Responsible AI

Keynote from Susan

When launching AI and ML-powered apps, it’s important to think about how you will responsibly design, develop, and deploy your new technology in an eithical, unbiased manner.


Case Studies

In small groups, read about the following cases:
  • Winterlight Labs auditory detection of Alzheimer’s disease: In 2016, Winterlight labs designed an AI-powered auditory test for Alzheimer’s disease, where users’ speech would be recorded and AI would be used to detect signs of Alzheimer’s such as vocabulary richness, pauses in speech, and syntactic complexity. However, the initial research findings revealed a serious problem; non-native English speakers were being inaccurately flagged as having Alzheimer’s disease. Since the data that was used to train the model had been collected from native English speakers from Ontario, Canada, this technology was unable to work reliably across different populations.
  • Wireless baby monitors hacked: In 2018, there were several instances where wireless baby monitors were hacked which ultimately made national news headlines. In one case, a hacker used his newfound access to the baby monitor device to broadcast threats and shout sexual expletives. In another case, a more benevolent hacker used his newfound access to warn parents about the susceptibility of their device, in hopes that the parents would be able to address the situation before being targeted by nefarious hackers.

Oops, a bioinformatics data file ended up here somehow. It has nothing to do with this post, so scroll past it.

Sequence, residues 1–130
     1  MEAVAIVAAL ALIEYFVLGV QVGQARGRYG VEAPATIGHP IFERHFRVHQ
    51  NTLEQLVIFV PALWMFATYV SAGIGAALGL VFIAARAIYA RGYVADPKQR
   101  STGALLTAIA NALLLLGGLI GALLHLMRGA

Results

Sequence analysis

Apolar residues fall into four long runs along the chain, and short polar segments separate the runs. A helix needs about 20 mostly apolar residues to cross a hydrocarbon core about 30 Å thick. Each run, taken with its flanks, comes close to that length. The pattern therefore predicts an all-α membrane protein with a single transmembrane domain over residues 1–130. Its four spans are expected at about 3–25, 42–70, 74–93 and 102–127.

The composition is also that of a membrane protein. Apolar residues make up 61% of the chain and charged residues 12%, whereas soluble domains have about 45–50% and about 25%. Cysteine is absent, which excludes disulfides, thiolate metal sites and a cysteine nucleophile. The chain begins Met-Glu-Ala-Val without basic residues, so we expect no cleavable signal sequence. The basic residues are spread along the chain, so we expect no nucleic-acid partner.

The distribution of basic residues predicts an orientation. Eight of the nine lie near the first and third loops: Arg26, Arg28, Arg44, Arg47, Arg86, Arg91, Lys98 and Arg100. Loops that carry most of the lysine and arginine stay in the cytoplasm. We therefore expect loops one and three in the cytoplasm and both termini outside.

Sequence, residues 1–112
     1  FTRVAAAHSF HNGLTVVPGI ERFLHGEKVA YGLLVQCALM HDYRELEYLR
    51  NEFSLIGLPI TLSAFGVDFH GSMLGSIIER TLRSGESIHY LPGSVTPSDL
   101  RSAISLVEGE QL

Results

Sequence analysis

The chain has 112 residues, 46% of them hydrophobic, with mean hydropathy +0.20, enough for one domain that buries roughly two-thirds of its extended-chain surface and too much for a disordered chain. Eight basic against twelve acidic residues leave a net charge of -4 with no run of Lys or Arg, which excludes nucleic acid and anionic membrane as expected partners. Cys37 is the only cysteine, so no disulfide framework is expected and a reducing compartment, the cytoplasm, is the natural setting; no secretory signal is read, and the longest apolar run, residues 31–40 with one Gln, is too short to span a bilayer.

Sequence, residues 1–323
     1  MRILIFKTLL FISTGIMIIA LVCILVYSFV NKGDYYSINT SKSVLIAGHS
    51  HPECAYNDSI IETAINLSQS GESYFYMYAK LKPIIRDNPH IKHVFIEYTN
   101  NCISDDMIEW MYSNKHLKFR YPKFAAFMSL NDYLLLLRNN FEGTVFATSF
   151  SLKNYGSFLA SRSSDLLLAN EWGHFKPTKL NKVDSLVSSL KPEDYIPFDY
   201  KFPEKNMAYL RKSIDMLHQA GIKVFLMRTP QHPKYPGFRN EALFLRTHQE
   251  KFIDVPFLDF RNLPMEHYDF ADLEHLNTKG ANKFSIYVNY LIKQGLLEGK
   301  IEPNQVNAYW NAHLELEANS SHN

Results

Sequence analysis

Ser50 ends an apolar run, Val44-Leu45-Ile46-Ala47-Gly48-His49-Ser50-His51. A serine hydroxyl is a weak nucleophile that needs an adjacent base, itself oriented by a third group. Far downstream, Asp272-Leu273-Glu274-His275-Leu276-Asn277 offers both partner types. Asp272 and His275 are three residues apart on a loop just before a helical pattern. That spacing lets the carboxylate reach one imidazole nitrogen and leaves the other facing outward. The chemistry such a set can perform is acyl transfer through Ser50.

• Smart Doorbell Data Sharing: The home security company ‘Ring’ creates smart doorbell devices that utilize video surveillance. In 2019, it was discovered that the company had partnered with more than 600 police departments across the U.S., allowing law enforcement to request access to video footage collected from users’ devices. Once police departments gain possession of video footage, there are no guidelines that place restrictions on how long it can be stored and for what purposes it can be used.

Breakout Discussions

In small groups, consider the following questions:
  • Which one of these cases do you find most concerning? The least?
  • What do you consider to be the relevant ethical challenges?
  • What do you think the designers of this technology could have done differently?
  • Are the people who build AI responsible for its outcomes? To what extent?
  • What other ethical challenges are you concerned about? Why?

Large Group Discussion

As we return, let's discuss the following together;
  • What question(s) did your group reach consensus on?
  • What was the most controversial question(s) in your breakout discussion?
  • What are some other ethical challenges your group was concerned about? Why?